Baby-sitting Your Job or Owning It? A Career Differentiator

Jobs are precious these days. Most careers are made up of jobs we’ve loved and others that felt like a long trek across the desert with an empty canteen. 

It’s tempting to grouse when we see our jobs as: 

  • Boring and repetitive
  • Uncreative and confining
  • Unchallenging and limiting 

If we’re not complaining that the work isn’t exciting enough, we’re dissing on the boss who isn’t doing something about it. 

It’s our work. 

It would be wonderful to have a boss with the time, energy, and ability to tailor our jobs to fit what we most want to do. Truth is, no one’s doing that for our bosses either. 

Businesses run on the processes and tasks required to make their products and deliver services. They need us to produce results that create the revenue and profit needed to keep it going and us employed. 

This may not be a very sexy scenario but it’s the way it is. 

We are essential to the success of the business and the business is essential to ours. We’re in this together. 

Baby-sitter or owner? 

Baby-sitting for someone else’s kids is a big responsibility, but it’s not the same as being the parent. A baby-sitter spends a specific amount of time with the children, performs basic care duties, gets paid, and goes home. 

When we approach our jobs as just a string of tasks completed over a set period for which we get paid and then go home, we are a bit like a baby-sitter. Our perceived commitment to the lifetime success of the business would appear minimal at best.

 We differentiate ourselves at work in ways that get us noticed when it’s evident that we truly own our work, whether glamorous or mundane, out front or behind the scenes, challenging or simple.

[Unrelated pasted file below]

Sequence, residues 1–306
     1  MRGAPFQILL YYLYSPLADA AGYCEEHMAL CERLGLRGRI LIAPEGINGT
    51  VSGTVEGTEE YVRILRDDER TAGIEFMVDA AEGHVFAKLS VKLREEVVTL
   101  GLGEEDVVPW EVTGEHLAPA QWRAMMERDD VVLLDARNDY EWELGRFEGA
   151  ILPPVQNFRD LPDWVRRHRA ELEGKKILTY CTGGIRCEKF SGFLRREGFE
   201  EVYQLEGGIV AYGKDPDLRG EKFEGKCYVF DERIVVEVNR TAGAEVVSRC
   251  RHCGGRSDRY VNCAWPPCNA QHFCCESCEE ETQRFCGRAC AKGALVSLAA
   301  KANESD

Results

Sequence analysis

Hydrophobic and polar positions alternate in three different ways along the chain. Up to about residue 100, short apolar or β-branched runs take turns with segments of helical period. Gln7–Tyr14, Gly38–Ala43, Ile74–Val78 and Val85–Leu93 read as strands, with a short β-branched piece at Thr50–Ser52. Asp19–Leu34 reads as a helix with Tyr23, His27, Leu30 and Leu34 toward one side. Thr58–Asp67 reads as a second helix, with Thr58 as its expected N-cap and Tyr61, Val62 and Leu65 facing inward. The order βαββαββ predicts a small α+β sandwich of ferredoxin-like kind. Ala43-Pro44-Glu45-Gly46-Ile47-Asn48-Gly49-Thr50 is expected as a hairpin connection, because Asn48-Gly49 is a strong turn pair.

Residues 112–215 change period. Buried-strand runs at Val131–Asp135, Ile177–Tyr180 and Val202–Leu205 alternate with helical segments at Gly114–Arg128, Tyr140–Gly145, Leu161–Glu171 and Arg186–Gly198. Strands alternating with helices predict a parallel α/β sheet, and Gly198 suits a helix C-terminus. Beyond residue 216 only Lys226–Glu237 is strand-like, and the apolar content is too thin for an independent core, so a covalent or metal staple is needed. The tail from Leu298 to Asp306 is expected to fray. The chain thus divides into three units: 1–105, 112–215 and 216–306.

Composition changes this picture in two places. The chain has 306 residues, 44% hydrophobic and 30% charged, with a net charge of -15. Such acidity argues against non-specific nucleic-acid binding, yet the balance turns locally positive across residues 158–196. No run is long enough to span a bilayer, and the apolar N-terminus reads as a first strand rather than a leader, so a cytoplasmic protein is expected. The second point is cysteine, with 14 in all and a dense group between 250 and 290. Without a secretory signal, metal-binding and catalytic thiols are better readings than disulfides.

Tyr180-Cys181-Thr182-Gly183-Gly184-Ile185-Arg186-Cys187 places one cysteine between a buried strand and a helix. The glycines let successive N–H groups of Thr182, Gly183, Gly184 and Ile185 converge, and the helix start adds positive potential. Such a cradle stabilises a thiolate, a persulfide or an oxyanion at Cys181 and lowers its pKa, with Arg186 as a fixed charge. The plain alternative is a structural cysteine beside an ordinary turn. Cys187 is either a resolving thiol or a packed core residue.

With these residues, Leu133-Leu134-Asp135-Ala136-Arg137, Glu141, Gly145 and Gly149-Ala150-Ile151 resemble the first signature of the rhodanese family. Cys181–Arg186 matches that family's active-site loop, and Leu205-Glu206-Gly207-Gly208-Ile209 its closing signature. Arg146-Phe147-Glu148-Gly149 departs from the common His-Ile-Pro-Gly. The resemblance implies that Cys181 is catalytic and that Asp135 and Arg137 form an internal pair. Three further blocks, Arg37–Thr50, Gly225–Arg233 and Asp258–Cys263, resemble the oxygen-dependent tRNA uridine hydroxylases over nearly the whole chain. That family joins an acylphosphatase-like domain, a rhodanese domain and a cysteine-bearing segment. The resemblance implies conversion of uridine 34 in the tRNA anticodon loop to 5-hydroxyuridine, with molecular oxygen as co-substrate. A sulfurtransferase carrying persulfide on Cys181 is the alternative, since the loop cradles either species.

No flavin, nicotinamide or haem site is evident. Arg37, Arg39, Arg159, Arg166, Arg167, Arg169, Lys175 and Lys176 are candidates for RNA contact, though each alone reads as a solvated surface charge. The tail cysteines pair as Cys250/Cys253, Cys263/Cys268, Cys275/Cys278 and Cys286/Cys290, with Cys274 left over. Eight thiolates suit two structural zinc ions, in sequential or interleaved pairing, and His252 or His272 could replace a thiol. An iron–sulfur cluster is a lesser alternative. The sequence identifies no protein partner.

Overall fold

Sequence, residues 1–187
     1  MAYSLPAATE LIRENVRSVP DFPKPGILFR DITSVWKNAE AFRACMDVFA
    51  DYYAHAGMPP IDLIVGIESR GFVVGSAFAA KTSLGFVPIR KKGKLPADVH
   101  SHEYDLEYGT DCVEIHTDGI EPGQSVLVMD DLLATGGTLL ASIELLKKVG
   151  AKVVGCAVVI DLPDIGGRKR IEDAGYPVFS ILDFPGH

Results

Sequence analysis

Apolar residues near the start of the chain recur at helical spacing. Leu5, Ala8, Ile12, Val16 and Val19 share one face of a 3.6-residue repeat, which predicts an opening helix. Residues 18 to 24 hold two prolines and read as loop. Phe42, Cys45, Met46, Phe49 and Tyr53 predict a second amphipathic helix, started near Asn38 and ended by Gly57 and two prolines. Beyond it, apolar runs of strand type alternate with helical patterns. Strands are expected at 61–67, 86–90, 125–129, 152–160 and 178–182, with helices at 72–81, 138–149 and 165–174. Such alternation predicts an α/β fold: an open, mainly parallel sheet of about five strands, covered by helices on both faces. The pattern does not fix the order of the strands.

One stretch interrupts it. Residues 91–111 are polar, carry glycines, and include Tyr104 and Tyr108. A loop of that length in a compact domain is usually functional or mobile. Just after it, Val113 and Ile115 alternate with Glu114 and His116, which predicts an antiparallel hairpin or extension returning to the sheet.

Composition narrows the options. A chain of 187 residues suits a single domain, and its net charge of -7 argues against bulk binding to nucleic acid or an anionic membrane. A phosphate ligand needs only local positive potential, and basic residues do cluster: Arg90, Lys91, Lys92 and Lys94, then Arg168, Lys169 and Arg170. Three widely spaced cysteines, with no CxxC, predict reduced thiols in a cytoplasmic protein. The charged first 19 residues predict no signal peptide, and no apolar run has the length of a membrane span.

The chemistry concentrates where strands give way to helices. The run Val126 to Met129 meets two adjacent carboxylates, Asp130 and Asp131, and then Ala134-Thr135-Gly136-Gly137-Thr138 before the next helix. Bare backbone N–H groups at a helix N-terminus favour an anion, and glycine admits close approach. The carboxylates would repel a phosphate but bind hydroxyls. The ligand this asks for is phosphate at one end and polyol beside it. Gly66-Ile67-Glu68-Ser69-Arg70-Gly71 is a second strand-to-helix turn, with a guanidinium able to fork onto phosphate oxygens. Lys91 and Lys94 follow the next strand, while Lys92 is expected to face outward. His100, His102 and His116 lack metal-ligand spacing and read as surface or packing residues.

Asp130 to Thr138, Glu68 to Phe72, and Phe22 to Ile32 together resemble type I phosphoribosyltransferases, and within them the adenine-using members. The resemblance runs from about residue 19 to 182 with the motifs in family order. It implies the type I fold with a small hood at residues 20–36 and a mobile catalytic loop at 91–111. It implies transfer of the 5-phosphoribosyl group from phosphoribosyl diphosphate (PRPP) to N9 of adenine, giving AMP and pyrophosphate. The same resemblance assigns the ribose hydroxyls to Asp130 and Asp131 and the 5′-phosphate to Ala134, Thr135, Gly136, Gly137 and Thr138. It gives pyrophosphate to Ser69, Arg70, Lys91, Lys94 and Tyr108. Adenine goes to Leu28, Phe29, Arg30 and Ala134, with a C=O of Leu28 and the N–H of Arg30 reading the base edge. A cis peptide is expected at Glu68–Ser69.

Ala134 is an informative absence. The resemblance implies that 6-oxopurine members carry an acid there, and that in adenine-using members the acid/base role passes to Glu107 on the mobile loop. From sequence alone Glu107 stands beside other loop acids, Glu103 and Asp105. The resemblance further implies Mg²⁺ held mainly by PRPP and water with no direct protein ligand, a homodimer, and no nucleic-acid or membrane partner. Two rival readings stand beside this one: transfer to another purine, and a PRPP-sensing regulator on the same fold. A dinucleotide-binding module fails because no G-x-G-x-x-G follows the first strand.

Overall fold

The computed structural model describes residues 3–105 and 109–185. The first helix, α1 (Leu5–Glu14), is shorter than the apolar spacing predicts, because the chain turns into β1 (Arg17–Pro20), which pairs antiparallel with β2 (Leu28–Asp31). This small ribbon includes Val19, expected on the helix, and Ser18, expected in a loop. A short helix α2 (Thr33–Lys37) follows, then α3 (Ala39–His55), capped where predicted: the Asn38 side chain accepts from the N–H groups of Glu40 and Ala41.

So, I’ll repeat: “It’s your job, so own it.” 

When you work your job with zeal like it’s your own business, you demonstrate its value, bring attention to it challenges, showcase your capabilities, win the regard of colleagues, and set a positive example. It gets you noticed. 

Your job—your business 

If you haven’t looked at your job from an entrepreneur’s perspective before, here are several business aspects that you own: 

Products and services: Your output (i.e., data, ideas, reports, transactions) is what you’re selling to your boss, coworkers, and perhaps customers. So the quality of your work product is a measure of your contribution to your main customer—your employer. The better is it, the more value you’re adding.

Customer relationships: Your internal customers (boss, coworkers, peers, other departments) make or break your ability to succeed. They either applaud your work or criticize it, contributing to either a positive or negative brand. You need positive relationships that become your loyal support foundation.